Wind Power is Built on Mountains of Coal & a Sea of Oil

The Green Dream. More dream than green. Convert Moneypoint to biomass, now!


coalminevn Where wind turbines really come from.


The wind-worshipper rails at sites like ours, screaming – in a kind of hopeful hex – that we’re backed by BIG Oil and BIG Coal and will, accordingly, rot in hell for our temerity in challenging their infantile world view.

Maybe we will bunk-up down below in the next life, but that’ll be due to more enjoyable sins, than spending our days pointing out the insanity of trying to rely on a medieval power source, that was ditched Centuries ago, for fairly obvious reasons.

Armed with a mirror, and a little common sense, the wind cult would see that it is, in fact, the wind industry that exists, and only exists, thanks to mountains of coal, oil and gas – as this little wrap up neatly points out.

To Get Wind Power You Need Oil
IEEE Spectrum
Vaclav Smil
29 February 2016

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About Neil van Dokkum

Neil van Dokkum (B. SocSc; LLB; LLM; PGC Con.Lit) Neil is a law lecturer and has been so since arriving in Ireland from South Africa in 2002. Prior to that Neil worked in a leading firm of solicitors from 1987-1992, before being admitted as an Advocate of the Supreme Court of South Africa (a barrister) in 1992. He published three books in South Africa on employment law and unfair dismissal, as well as being published in numerous national and international peer-reviewed journals. Neil currently specialises in employment law, medical negligence law, family law and child protection law. He dabbles in EU law (procurement and energy). Neil retired from full-time practice in 2002 to take up a lecturing post. He has published three books since then, “Nursing Law for Irish Students (2005); “Evidence” (2007); and “Nursing Law for Students in Ireland” (2011). His current interest is the area of disability as a politico-economic construct. Neil is very happily married to Fiona, and they have two sons, Rory and Ian.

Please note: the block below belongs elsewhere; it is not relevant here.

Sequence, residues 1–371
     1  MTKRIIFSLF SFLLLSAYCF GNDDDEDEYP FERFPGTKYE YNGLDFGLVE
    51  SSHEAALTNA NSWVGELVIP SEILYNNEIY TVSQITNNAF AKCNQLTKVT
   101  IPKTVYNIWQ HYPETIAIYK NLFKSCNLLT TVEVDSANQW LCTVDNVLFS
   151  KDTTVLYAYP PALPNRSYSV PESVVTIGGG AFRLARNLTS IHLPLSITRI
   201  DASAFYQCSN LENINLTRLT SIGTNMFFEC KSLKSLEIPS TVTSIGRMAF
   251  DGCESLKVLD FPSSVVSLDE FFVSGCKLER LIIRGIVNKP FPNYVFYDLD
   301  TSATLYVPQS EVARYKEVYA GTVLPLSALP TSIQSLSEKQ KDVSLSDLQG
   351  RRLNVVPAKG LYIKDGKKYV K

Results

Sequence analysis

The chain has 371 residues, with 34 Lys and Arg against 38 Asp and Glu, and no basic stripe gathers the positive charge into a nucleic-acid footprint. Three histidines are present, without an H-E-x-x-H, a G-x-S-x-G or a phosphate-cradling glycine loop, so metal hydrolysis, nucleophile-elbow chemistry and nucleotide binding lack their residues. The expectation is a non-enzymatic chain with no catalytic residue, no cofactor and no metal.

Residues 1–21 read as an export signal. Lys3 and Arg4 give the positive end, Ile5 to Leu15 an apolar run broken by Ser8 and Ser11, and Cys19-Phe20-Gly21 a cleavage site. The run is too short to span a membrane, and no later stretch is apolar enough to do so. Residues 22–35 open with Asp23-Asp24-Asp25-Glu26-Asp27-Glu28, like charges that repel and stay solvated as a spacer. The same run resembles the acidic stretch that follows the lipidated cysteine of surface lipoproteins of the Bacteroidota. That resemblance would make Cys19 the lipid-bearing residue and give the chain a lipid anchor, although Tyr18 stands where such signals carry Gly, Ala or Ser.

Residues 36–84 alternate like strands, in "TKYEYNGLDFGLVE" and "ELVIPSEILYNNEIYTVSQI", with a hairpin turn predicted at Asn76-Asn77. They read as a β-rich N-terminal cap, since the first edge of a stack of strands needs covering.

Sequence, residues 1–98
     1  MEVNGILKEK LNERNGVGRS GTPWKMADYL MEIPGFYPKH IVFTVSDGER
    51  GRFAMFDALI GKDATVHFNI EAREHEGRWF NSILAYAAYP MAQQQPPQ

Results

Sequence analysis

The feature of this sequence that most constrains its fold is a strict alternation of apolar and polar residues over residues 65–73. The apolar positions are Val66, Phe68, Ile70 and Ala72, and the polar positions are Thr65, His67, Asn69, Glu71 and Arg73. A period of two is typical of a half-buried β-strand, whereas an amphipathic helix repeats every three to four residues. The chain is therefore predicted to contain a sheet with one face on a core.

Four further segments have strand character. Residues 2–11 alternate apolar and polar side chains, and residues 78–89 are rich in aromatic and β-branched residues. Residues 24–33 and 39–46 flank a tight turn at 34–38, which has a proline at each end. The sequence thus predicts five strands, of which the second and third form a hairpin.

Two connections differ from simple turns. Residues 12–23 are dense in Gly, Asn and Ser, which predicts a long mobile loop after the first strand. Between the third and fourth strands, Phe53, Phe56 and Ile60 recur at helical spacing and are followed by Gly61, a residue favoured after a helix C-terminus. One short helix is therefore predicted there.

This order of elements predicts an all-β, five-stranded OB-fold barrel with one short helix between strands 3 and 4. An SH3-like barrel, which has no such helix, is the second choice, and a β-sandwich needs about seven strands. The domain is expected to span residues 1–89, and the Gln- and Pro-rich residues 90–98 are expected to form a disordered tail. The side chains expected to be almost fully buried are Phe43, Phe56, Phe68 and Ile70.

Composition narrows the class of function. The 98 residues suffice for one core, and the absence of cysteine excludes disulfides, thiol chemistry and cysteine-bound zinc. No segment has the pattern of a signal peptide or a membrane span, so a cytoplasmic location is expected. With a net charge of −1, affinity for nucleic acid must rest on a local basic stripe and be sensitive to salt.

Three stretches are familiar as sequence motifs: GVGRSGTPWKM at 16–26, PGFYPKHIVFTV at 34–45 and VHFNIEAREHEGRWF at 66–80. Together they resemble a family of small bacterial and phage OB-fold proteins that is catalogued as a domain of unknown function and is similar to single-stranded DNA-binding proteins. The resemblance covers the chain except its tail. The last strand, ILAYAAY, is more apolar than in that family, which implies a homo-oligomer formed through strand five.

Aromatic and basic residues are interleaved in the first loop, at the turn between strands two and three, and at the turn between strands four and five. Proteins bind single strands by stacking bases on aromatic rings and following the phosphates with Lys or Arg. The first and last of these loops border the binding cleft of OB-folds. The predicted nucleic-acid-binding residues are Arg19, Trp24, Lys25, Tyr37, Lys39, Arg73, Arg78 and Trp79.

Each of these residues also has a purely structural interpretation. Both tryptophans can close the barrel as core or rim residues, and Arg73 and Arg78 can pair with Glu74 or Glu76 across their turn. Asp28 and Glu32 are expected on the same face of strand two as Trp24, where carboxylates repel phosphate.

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4 Responses to Wind Power is Built on Mountains of Coal & a Sea of Oil

  1. fclauson says:

    Take a read of

    see quote below – a wind turbine produces a magnitude less CO2 than does a Coal fired powerstation.

    However there is no data available on the embodied CO2 of coal [fired powerstation]. This was out with the scope the thesis to calculate the value for that also. Therefore the value for the coal signifies the CO2 produced when it is burned. This value is 97975kgCO2/MWh. Perhaps this cannot be compared directly to the wind turbine result but it helps to quantify the answer, showing that the cradle- to- grave value of the turbine is relatively small to the coal power station.

    • Neil van Dokkum says:

      An interesting read. The shortest thesis I have ever seen! One must also bear in mind that the turbine is always backed up by coal power, whilst the converse is not necessarily true.

      • fclauson says:


        if one owns a bike one could argue it’s backed-up by ones car but at least when you use the bike it creates negligible pollution which cannot be said for the car. (both have embodied CO2 in their construction but the bike has much less – very synonymous with windfarms and power stations)

        It can also be said with the current weather prediction models you can be around 95%+ correct in your choice of transport so please do not use the argument “but you need the car always running and following your just in case” which is often leveled at wind farms that they always need backup – they only needed it when the weather model shows there will be insufficient energy available to meet demand.

        On any transmission system you will always need spinning reserve for your largest single generator (usually Moneypoint) at around 450Mw+ so wind or no wind there is often 450Mw of energy spinning doing nought just in case (called security of supply)

        the facile argument that wind farms need Coal etc to be built has little grounding when the maths for overall emissions during the lifetime of a wind farm vs power station are studied

        Emotional headline grabbing cherry picked clap-trap often gets in the way of hard numerical facts

      • Neil van Dokkum says:

        True enough, that much is trite. The blog that I quoted is making the point that the claims by the wind industry of “clean and green” are not accurate, that is all. Power stations do not claim to be either, they would admit to being dirty. The mini thesis you quote says the same.

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